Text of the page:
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   The negative evidence against the inheritance of acquired characters under experimental conditions in the laboratory is not always borne out by what goes on in nature. The contradiction may have been unresolved in the past, because current theory has demanded that nuclear genes provide the only pathway for inheritable factors and these genes are remarkably immune to the direct influence of environmental pressures, except those which are essentially damaging.
     But in the past few years a renewed interest in the possibility of another pathway whereby the environment might have a direct influence upon an organism responding in an inheritable way has led to the conclusion that there are probably carriers of inheritable material in the cytoplasm of the cell and not merely in the nucleus. These carriers, which have been termed Plasmagenes, are responsive to the direct action of the environment. This responsiveness appears to be somewhat delayed, so that the environmental pressure must be held constant over several generations to influence the plasmagenes. That the response of these extra-nuclear genes can be inherited through succeeding generations is demonstrated by the fact that the effect persists even when the original stimulus is removed. If the environment gradually reverts to its original nature, the modified organisms will continue to retain their altered form for several generations, and then they too revert.
     Thus the response of the organism to direct environmental pressure is demonstrated. Yet it is seen to be of such a nature that it retains its flexibility and is therefore able to adjust in either direction to its own advantage and pass on the adjustment to successive generations. In this way the mechanism contributes to the fitness of the organism without endangering it if the environmental pressure changes. This type of modification which continues for a limited time even when the stimulus which provoked it is removed has been termed a dauermodification.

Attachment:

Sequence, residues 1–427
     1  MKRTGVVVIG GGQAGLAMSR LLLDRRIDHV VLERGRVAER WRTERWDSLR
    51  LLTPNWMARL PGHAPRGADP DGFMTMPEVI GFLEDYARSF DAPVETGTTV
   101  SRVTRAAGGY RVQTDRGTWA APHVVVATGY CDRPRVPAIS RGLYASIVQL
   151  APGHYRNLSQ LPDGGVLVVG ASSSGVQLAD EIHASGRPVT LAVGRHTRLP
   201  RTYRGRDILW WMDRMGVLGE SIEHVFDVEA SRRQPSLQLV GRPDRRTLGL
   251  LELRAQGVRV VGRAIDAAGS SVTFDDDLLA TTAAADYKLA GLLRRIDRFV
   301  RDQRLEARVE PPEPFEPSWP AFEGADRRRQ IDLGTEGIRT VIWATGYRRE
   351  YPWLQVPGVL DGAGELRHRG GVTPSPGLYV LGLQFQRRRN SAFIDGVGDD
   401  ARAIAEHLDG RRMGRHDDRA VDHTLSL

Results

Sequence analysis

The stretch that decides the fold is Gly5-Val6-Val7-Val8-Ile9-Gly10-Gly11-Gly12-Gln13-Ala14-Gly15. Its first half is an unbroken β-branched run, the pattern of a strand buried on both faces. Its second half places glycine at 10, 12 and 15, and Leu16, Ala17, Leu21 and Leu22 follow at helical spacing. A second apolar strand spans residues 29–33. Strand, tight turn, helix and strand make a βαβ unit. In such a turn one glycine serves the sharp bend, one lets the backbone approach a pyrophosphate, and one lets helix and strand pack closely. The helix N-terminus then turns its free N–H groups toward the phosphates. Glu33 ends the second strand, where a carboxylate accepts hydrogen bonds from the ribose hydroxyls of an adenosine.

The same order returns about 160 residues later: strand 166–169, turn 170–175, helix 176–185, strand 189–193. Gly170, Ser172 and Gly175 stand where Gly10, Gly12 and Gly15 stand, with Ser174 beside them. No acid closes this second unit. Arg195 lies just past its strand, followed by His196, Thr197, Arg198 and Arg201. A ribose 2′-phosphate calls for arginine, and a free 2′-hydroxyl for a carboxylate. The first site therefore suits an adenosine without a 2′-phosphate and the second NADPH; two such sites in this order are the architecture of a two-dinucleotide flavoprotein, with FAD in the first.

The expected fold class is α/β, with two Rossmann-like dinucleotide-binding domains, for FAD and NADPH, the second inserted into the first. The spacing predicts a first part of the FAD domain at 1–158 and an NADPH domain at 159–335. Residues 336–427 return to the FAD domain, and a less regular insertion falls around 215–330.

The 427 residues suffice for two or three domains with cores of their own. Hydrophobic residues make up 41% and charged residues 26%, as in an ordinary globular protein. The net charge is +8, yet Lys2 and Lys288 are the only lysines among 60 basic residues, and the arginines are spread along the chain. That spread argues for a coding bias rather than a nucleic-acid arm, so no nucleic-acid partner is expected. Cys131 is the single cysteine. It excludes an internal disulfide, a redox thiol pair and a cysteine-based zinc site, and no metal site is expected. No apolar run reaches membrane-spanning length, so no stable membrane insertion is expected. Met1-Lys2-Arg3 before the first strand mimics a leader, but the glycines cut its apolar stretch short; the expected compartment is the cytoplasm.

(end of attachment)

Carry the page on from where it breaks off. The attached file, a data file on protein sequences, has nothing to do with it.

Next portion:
Such a mechanism serves the dual purpose of preserving the line in its purity and maintaining the species as such, while at the same time opening the way for a form of adjustment that allows a particular species to spread successfully into different habitats which it could not otherwise occupy. The nuclear genes therefore preserve the species as such: the plasmagenes preserve the local population as a variety.
     The difference between the conventional Darwinian view of natural selection and the view which is now beginning to crystallize, based on plasmagenic inheritance of acquired modifications, is this:  the former

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depended upon a process of selective elimination of the unfit, whereas the latter favours survival by inherited adaptation. Progress, identified as increasingly successful adaptation, no longer becomes a ruthless weeding out, but a demonstration of a sensitive mechanism specifically designed to guarantee exactly the opposite result, namely, an improvement in the chances of survival of every individual. It is in some sense a reflection of the benevolence of the Creator rather than of a pitiless eradication in the interests of efficiency at all costs.
     The older view of nature as ruthlessly efficient is therefore replaced by a more generous view, which holds that any disadvantaged species need not be eliminated but is provided with the means of contributing to the greater fitness of its descendants. This is achieved by passing on to these future generations the benefits of its own response to the environment even though these were not overtly expressed in its members at the time.
     It is as though the Lord has so designed the mechanism of inheritance in order that the "kinds" of Genesis will not be destroyed or blurred, while yet allowing modification which greatly increases the range of climate, altitude, food resources, and so forth, that the particular species can occupy. There are numerous illustrations of this type of response among plants and animals; and there are some striking illustrations of it for man himself. 

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 Copyright © 1988 Evelyn White. All rights reserved